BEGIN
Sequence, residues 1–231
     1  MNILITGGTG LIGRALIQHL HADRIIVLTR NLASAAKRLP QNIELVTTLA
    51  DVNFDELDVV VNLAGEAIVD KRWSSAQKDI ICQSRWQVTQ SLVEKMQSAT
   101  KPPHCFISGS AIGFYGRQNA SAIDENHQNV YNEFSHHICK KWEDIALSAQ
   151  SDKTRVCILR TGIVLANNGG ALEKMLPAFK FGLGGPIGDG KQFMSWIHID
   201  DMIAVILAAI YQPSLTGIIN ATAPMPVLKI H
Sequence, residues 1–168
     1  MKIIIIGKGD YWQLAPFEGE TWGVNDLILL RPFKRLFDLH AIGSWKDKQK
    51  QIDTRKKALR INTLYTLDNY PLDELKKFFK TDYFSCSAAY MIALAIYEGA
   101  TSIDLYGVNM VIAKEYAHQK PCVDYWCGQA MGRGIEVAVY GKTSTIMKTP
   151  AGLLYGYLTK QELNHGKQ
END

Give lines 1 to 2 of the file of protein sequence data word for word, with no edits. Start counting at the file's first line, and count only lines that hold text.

Sequence, residues 1–231
     1  MNILITGGTG LIGRALIQHL HADRIIVLTR NLASAAKRLP QNIELVTTLA